Meaning of CITE in English


cite AC /saɪt/ BrE AmE verb [transitive] formal

[ Word Family: verb : ↑ cite ; noun : ↑ citation ]

[ Date: 1400-1500 ; Language: French ; Origin: citer , from Latin citare 'to cause to move, excite, order to come' ]

1 . to mention something as an example, especially one that supports, proves, or explains an idea or situation:

The judge cited a 1956 Supreme Court ruling in her decision.

cite something as something

Several factors have been cited as the cause of the unrest.

2 . to give the exact words of something that has been written, especially in order to support an opinion or prove an idea SYN quote :

The passage cited above is from a Robert Frost poem.

3 . to order someone to appear before a court of law SYN summon

cite somebody for something

Two managers had been cited for similar infractions.

4 . British English to mention someone by name in a court case:

Sue was cited in the divorce proceedings.

5 . to mention someone because they deserve praise

cite somebody (for something)

Garcia was cited for her work with disabled children.

• • •


▪ mention to talk or write about something or someone, usually quickly and without saying very much or giving details:

Kate had mentioned his name a few times, but I had not met him before.


Jack mentioned that you might be looking for a new job.

▪ refer to somebody/something to say something about someone or something in a conversation, speech, or piece of writing:

He had earlier referred to difficulties in gathering evidence.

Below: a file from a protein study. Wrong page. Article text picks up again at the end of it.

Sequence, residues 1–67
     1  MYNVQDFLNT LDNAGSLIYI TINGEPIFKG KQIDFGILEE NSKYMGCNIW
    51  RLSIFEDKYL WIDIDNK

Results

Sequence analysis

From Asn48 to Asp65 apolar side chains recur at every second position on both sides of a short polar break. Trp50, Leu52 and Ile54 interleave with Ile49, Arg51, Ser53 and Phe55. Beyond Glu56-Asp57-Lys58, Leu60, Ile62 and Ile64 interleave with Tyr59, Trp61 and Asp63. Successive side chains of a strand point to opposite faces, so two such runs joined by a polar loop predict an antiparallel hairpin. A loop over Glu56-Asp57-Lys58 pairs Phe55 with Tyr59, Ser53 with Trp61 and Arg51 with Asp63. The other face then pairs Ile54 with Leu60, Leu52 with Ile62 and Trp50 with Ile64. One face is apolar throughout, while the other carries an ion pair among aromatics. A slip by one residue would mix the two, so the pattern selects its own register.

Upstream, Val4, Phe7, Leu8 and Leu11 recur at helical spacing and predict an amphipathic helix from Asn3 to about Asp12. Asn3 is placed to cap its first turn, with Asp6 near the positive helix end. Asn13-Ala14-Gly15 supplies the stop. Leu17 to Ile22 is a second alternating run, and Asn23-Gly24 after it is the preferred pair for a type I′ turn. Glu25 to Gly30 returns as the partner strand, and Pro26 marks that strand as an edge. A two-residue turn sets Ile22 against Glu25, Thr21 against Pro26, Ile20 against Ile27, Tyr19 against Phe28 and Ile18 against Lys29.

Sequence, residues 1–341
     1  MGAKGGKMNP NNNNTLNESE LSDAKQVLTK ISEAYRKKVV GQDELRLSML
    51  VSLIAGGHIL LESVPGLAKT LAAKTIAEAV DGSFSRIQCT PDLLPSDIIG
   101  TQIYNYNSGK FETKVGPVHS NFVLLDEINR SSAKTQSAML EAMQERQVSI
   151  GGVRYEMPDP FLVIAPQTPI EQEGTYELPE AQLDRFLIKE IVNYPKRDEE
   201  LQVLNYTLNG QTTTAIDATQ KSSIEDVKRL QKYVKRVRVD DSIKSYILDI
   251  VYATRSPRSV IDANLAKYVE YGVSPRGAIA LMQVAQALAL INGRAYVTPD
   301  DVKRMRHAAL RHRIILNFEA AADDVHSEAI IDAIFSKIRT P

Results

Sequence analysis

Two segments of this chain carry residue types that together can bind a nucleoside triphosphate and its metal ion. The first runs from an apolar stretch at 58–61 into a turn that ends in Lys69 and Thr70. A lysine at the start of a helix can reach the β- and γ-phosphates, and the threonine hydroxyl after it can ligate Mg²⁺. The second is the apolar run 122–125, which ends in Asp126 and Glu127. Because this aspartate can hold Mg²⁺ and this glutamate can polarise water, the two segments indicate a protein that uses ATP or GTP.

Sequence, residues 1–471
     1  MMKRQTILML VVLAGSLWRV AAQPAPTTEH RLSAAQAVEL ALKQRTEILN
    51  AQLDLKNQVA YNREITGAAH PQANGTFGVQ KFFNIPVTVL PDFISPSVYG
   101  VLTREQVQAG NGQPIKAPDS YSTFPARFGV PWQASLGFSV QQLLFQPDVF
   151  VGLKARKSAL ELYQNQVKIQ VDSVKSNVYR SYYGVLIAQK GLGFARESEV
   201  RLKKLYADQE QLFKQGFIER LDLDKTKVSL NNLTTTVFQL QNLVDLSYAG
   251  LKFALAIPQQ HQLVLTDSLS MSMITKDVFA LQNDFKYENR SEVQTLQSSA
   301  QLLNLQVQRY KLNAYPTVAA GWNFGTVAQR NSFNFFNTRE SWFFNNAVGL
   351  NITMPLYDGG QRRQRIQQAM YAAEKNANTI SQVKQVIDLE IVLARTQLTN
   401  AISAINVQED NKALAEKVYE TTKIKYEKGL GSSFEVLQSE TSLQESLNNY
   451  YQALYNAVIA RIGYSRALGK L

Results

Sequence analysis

It was not clear which case he was referring to.

▪ touch on something to briefly mention a subject during a speech, lesson, piece of writing etc:

This problem has already been touched on in Chapter 4.

▪ bring something up to start to talk about a particular subject during a conversation or meeting:

I didn’t want to bring up the subject of money.


I knew you’d bring that up!

▪ raise to mention a subject that people should start to discuss or think about. Raise is more formal than bring something up :

He promised to raise the issue with the Prime Minister.


They raised a number of points.

▪ broach to mention a subject that may be embarrassing or upsetting, or that may cause an argument:

I was reluctant to broach the subject of payment.

▪ cite formal to mention something as an example or proof of something else, or as a reason for something:

Hong Kong is often cited as an example of this kind of economic system.

▪ allude to something formal to mention something in a way that is deliberately not direct:

Many of the ancient Greek poets allude to this myth.

Longman Dictionary of Contemporary English.      Longman - Словарь современного английского языка.